#6Degrees of Separation: The Luminaries by Eleanor Catton

I have been invited to participate in the 6 Degrees of Separation Meme, an original blog tour created by Emma Chapman and Annabel Smith.  The rules are posted at the end of this Blog.  Before I get started I just have to say…Kevin Bacon.
We start this month with The Luminaries by Eleanor Catton.  Here is a picture of the lovely cover, which is as far as I have ventured:
Emma has specified that one does not have to have read the first book in the chain in order to participate and can I just say – thank fuck.  With a ‘must read’ pile that has left the town of Daunting and is now approaching the borders of Unachievable, I reserve the right to bypass a tome the size of a house brick which someone dear to me recently described as ‘like chewing cardboard’.  I have no doubt that Eleanor Catton is brilliant, and well-deserving of the Booker.  But I’m middle aged and no longer read things simply because I’ve been told I ‘should’.
Having said that, I bloody love the idea of The Luminaries.  The synopsis, the description of the intricacies of character and plot, the style – it should read like a chic, Victorian-esque cat’s-cradle of intrigue and people you forget aren’t real.  And I do love a wordy book.   Which brings me to the first book in my chain…
Ah, Wilkie Collins.  How many nights have we curled up together like cats.  The Woman in White (1859) is a wordy book, a Victorian epic, a chilling and picaresque melodrama, and a bit of a feminist shout-out.  Wilkie had an understanding of the Victorian Sisterhood.  It also deals with layers of reality and identity – and I love that.  He’s better than Charlie.  You heard it here first.  Which leads me to…
John Fowles.  Talk about your layers of reality and I’m talking The Magus (1965).  Big, fat wordy book about a narcissist having tea with a nihilist, psychological warfare dressed as salvation and manipulation just another mask to wear to the party.  Simply put.  The fact that a large part of the story involved Conchis’ story of his experiences during Nazi occupation leads me to…
Isaac Bashevis Singer.  Specifically, Shadows on the Hudson (English translation 1998).  Funny and bitter.  It’s dark, but again there are layers of reality – that search for balance between the parameters of orthodoxy, new prosperity and deep grief.  What I remember most about this book was being transported.  Lifting my head from the page and thinking ‘Where am I?’ Of really forgetting these people were not real.  Which brings me to…
Diary of a Young Girl (1947).  I read an abridged version of Anne Frank’s diary as a child, then read the unabridged later in life.  Singer never used the word ‘Holocaust’, but by the time I came to both of these books I was emotionally raw to the word.  This is also a book that deals with layers of reality – Anne’s loneliness and isolation pressed hard against the struggle for a sense of normality in extreme circumstances, where no one actually uses the words ‘I’m terrified’.  Which leads me to…
We Need To Talk About Kevin (2003) by Lionel Shriver.  And can I just say ‘I’m terrified’Again, loneliness and isolation struggling to be understood. Fiction dressed as non-fiction (i.e. a collection of letters) – again the layering of reality.  We have the story of multiple people told through the reminiscences of one biased narrator/letter writer.  And that slow, torturous lifting of the veil, the realization of what’s really going on, the deliberately measured pace which is still too fast because as you’re reading you’re begging not to be taken where you’re obviously being taken.  Which brings me to the final book in my chain…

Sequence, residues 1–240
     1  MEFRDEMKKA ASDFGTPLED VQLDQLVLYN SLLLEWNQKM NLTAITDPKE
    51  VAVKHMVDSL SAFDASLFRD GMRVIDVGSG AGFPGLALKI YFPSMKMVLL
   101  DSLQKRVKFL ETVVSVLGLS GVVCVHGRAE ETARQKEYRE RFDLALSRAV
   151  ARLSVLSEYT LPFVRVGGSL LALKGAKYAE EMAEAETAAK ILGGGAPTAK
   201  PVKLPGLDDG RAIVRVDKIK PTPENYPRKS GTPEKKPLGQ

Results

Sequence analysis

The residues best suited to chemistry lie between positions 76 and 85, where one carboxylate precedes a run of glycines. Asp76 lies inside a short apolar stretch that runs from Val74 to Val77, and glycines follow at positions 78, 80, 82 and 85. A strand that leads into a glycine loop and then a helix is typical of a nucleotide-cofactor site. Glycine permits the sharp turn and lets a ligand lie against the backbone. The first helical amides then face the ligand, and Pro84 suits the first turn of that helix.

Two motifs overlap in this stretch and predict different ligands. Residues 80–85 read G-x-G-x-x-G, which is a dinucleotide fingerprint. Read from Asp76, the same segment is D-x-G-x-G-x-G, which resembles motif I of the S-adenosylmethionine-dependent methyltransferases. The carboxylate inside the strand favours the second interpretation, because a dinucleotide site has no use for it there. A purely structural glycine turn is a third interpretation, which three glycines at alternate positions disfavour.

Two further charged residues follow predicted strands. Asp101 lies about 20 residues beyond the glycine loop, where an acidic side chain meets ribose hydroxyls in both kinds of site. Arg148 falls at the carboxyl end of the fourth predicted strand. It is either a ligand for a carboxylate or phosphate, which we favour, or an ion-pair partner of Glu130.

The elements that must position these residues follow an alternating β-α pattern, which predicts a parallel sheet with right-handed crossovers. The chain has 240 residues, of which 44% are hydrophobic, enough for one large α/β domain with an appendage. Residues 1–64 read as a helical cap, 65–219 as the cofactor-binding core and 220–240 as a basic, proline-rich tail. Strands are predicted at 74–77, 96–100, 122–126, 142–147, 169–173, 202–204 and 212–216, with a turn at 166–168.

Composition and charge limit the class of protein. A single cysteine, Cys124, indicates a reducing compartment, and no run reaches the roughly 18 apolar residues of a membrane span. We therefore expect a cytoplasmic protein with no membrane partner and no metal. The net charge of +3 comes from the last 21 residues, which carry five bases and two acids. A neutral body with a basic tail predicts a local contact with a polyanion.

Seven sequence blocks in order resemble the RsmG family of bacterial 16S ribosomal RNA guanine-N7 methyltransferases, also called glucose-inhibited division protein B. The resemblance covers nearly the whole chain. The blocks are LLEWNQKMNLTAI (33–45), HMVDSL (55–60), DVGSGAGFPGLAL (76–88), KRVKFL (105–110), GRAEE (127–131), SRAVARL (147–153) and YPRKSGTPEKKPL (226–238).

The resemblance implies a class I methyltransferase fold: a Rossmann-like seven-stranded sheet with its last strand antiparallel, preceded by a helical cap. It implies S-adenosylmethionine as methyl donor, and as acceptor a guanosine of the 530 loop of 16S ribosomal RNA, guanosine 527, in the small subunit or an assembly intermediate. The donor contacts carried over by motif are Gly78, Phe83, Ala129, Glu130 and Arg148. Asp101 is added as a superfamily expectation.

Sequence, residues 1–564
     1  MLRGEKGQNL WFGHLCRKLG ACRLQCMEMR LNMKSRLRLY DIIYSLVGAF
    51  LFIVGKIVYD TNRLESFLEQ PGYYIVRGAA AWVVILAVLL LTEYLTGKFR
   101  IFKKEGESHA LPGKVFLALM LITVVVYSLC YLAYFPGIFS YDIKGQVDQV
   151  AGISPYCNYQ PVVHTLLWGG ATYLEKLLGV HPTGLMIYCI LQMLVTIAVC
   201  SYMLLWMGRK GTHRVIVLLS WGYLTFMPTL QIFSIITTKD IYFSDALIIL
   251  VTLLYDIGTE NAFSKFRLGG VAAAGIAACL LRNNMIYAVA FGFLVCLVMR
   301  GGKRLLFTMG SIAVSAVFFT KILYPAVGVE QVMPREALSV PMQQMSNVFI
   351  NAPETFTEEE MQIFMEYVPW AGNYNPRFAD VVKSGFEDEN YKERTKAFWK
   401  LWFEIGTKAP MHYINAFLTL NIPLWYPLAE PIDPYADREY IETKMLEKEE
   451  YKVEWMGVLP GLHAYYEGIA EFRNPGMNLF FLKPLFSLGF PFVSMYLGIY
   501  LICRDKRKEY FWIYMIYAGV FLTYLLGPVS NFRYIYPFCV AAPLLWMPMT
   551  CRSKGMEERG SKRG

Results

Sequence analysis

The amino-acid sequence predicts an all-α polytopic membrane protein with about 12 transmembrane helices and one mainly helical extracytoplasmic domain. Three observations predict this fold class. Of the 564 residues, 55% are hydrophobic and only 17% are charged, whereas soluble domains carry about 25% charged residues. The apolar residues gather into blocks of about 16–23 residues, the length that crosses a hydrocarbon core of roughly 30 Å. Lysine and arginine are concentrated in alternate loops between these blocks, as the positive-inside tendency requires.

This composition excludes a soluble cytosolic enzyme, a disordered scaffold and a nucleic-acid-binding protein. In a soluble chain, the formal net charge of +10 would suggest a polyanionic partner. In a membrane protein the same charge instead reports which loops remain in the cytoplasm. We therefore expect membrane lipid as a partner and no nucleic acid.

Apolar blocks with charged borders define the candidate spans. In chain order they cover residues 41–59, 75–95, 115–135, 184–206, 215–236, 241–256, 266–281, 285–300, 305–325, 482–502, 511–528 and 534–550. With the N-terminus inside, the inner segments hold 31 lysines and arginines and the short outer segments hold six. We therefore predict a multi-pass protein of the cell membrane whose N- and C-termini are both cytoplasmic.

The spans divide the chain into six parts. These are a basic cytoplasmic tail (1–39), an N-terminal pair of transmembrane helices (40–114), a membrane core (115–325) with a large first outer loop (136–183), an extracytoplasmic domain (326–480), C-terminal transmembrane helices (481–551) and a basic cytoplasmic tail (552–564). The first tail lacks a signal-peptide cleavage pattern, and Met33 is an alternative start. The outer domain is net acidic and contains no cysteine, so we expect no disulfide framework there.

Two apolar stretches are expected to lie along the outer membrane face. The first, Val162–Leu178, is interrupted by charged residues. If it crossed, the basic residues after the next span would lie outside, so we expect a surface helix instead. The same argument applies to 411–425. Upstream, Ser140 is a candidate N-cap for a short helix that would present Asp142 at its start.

The Lucifer Effect (2007) by Philip Zimbardo.  I can’t believe I’ve ended up with non-fiction.  Is that allowed? Zimbardo is best known for his controversial Stanford Prison Experiment, and the subtitle of this book Understanding How Good People Turn Evil sort of says it all.  We’re all born with a clean slate.  Sure, genetics may load the gun, but that begs the question – Who or what pulls the trigger?
So there’s my chain.  Please check out the chains of Emma Chapman and Annabel Smith, and everyone else who has taken part.  And have a go! – Here are the rules…

The Writing Process Blog Hop

Emma Chapman has a lot to answer for.   I stayed up well into the night reading How To Be A Good Wife regularly muttering “You won’t believe this!” to an increasingly confused dog.  She then gave me the worst book hangover I’ve had in years – I couldn’t think about anyone but Marta and Hector for weeks.  She screwed with my life and I love her for it.  I await her second novel in much the same way I anticipate my hip replacement: “Oh God I can’t wait!  Oh God the recovery time…”
Emma has invited me to participate in this Writing Process Blog Hop.  You can read Emma’s responses to the questions here.  My answers are as follows:
1.    What am I working on?
Who can say balls?  I’ve got a couple in the air.  First, I am busy editing my second novel due for publication with Allen & Unwin in February 2015.  It has one question at its heart: Does doing something monstrous make you a monster?  I refrain from answering this question myself as I refuse to judge my characters.  People do the best they can at any given time given their histories, hurts, and limitations.  And sometimes they mistake denial for strength.
Secondly, I am busy with the WIP which has a deadline of July 2014 (pause for maniacal laughter…my publisher isn’t reading this, right?)  This one is scheduled for publication with Allen & Unwin February 2016. This is a book which asks the question: What gives a person personhood? What defines us? Is it our ‘selves’ or our history, and what happens if our history is obliterated?
I have also had a sneak preview of the brand new German cover of Creepy & Maud (Fremantle Press, 2012) from Königskinder Verlag (Carlsen) in Hamburg, due for release later this year.
2.       How does my work differ from others of its genre?
It’s not cautious in its representation of people and their foibles and never underestimates the strength or intelligence of young adults.  Which is a nice way of saying I have been known to make some gatekeepers uncomfortable.    And by uncomfortable I mean some place on the outskirts of anxious travelling towards appalled.  I suppose I never forgot what it was like to be a young adult.
3.      Why do I write what I do?
Because I have to.  Because little people have set up shop in my head and are constantly whispering stories at me (I think there’s a medication for that…).  Because the minute you condescend to young adults, or try to moralize their experience, you lose them.